Time to watch for wildlife

Change of seasons have deer & elk on the move


October 20, 2022 | View PDF


Caution is urged while wildlife are increasingly on the move around Oregon's highways.

Vehicle collisions with deer and elk tend to peak in October and November, when migration and breeding (the "rut") puts them on the move, making them more likely to cross roads. Fewer daylight hours and rainy weather also reduce drivers' visibility.

On average, the Oregon Dept. of Transportation (ODOT) documents more than 6,000 vehicle collisions with deer and elk each year. The actual number of collisions is likely higher, as many are not reported if there is minimal damage or no human injuries.

The Oregon Dept. of Fish & Wildlife (ODFW) and ODOT are asking Oregonians to Watch out for Wildlife this time of year and follow these tips:

* Be careful when driving in areas that have special signs indicating the possible presence of wildlife. These signs are posted for a reason.

* Be alert in areas with dense vegetation along the road or while going around curves. Wildlife near the road may not be visible.

If you see one animal, stay alert. There may be others nearby.

If people see wildlife on or near the road, they should slow down and stay in their lane. Many serious crashes are the result of drivers losing control as they swerve to avoid wildlife.

The same advice applies to smaller creatures like raccoons; try to stay in one lane and don't swerve. They are less dangerous to vehicles than big game animals and maintaining control of a vehicle is important.

ODFW, ODOT, and partner organizations are working to reduce the risk of vehicle-wildlife collisions by building wildlife crossings. The crossings allow wildlife to safely follow their migration patterns over or under a road. Data shows wildlife crossings on Hwy 97 near Sunriver have reduced vehicle-wildlife collisions by nearly 90 percent.

The bipartisan infrastructure bill passed by Congress in 2021 is providing $350 million in competitive grants to the states for wildlife crossings and other mitigation. ODFW, ODOT, and other partners will be working to secure grants for projects.

Oregon drivers can also show their support by purchasing a Watch for Wildlife license plate. The revenue generated from license plate sales will benefit projects that help wildlife move within their range and between habitat patches. Originally developed by the Oregon Wildlife Foundation, the license plate is now available at the DMV.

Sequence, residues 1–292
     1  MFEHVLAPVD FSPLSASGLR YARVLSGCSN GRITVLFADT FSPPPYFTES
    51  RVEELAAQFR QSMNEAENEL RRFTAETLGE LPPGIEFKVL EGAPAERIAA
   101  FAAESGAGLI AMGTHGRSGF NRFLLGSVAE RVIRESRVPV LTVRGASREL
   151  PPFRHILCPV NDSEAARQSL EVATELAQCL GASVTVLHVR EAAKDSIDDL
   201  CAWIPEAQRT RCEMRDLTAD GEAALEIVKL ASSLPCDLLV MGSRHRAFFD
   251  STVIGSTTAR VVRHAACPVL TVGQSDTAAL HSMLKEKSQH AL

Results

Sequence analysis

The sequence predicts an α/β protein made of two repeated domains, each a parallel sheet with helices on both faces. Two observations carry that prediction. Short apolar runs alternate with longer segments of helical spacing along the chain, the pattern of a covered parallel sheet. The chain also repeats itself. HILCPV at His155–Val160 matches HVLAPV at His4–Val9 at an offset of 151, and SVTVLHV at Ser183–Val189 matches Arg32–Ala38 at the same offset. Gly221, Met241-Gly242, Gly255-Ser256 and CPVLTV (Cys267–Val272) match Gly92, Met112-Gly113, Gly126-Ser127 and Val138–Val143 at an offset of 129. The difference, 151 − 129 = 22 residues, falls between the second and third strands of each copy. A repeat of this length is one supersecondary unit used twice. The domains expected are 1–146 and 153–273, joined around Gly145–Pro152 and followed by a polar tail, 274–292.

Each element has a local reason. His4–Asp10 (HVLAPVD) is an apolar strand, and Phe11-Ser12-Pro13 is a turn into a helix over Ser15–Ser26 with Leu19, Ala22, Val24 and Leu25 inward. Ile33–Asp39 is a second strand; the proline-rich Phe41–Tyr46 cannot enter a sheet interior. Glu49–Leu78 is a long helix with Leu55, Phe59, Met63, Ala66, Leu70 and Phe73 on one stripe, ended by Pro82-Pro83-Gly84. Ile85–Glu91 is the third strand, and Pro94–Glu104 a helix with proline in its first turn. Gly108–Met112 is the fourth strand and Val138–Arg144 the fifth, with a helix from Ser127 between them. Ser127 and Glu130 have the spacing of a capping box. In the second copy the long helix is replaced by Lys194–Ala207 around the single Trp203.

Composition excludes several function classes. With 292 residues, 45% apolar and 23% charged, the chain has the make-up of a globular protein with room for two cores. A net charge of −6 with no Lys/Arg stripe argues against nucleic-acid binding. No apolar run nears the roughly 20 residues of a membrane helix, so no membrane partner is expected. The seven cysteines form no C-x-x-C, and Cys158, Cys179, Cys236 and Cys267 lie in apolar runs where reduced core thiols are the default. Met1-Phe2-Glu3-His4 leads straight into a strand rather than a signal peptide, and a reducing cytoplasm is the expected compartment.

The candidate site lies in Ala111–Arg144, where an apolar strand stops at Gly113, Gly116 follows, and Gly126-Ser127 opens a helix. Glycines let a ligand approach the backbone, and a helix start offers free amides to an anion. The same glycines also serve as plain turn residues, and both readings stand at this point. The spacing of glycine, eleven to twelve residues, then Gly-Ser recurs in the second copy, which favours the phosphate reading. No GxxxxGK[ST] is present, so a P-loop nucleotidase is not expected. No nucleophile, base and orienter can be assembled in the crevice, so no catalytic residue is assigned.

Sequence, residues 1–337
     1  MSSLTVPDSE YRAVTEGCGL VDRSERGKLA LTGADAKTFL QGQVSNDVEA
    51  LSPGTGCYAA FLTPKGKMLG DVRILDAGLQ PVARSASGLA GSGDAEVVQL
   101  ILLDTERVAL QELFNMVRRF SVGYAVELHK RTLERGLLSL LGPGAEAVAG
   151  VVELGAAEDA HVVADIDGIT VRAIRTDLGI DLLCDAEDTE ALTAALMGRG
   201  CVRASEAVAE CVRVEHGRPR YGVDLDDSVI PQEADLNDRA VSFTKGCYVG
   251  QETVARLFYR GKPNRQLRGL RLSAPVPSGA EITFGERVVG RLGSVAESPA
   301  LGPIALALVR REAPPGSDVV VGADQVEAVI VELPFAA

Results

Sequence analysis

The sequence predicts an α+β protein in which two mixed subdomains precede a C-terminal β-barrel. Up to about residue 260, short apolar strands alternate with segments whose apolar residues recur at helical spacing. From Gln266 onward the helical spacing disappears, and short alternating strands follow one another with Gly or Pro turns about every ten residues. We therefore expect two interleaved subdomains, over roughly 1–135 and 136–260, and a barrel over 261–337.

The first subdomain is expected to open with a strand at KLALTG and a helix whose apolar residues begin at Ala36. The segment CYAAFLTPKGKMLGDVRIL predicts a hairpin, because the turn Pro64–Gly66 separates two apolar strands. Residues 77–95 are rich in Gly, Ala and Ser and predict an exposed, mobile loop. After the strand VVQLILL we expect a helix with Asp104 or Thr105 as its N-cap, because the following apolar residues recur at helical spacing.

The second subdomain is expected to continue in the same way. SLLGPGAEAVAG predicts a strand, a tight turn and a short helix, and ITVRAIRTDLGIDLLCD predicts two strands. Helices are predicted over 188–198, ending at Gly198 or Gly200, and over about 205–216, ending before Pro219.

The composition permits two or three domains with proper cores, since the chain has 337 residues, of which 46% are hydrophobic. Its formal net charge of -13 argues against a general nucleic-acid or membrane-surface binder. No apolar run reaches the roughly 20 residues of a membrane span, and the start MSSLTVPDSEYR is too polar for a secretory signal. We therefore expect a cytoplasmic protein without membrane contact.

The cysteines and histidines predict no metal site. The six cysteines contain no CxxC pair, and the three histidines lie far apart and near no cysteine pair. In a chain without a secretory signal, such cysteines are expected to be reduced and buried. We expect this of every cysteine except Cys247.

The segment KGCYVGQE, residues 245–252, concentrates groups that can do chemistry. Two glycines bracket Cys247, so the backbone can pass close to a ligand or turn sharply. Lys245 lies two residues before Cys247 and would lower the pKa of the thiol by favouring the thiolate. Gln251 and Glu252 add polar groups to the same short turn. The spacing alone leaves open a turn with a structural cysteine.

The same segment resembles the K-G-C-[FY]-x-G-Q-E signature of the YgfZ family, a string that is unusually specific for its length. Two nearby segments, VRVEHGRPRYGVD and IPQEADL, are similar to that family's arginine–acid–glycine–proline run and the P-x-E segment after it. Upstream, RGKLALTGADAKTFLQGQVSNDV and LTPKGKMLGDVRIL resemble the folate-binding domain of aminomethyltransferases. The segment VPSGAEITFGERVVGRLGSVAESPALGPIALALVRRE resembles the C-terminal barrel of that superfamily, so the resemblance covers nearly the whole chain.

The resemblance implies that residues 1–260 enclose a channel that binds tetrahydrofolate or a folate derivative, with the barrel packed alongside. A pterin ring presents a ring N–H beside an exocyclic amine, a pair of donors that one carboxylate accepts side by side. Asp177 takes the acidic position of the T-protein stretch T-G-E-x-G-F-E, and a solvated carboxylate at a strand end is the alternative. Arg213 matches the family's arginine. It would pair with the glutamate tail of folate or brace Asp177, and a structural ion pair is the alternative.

Roadkill salvagers: CWD testing is mandatory

As wildlife-vehicle collisions peak, so does participation in ODFW's roadkill salvage program. Since 2019, salvaging deer or elk struck by a vehicle has been legal in Oregon. Salvagers are required to fill out a free online permit available at https://myodfw.com/articles/roadkill-salvage-permits

Since the program kicked off in January 2019, 5,027 permits have been issued, with most for black-tailed deer in Western Oregon, where there are more drivers.

Salvagers are also required to bring the head and antlers of all salvaged deer and elk to an ODFW office for testing within five days. This is so ODFW can test the animal for Chronic Wasting Disease (CWD), a fatal neurological disease that ODFW has been on the lookout for since it first appeared in the late 1960s in Colorado.

The disease has never been detected in Oregon's wildlife. But CWD testing regulations have taken on new urgency after it was detected in several wild deer and elk in northwest Idaho, about 30 miles from Oregon's border, late last year.

Infected animals can spread the disease for several years before showing symptoms (which include loss of balance, drooling, emaciation or wasting, and eventual death). Testing apparently healthy deer and elk early in the course of the disease when they are not showing symptoms is the most effective method to catch the disease before an animal has spread the disease across the landscape and to other animals.

"With the disease now much closer to the state's borders, we just want to remind roadkill salvagers about the mandatory testing requirements," explained ODFW Wildlife Veterinarian Dr. Colin Gillin. "The more animals the state tests, the more certain ODFW can be that the disease is not in the state. If it is detected, ODFW can implement its response plan to contain the spread of the disease.

Test results are expected to take up to a month. If an animal ever tests positive for CWD, a biologist or veterinarian will phone the person who salvaged that animal directly.


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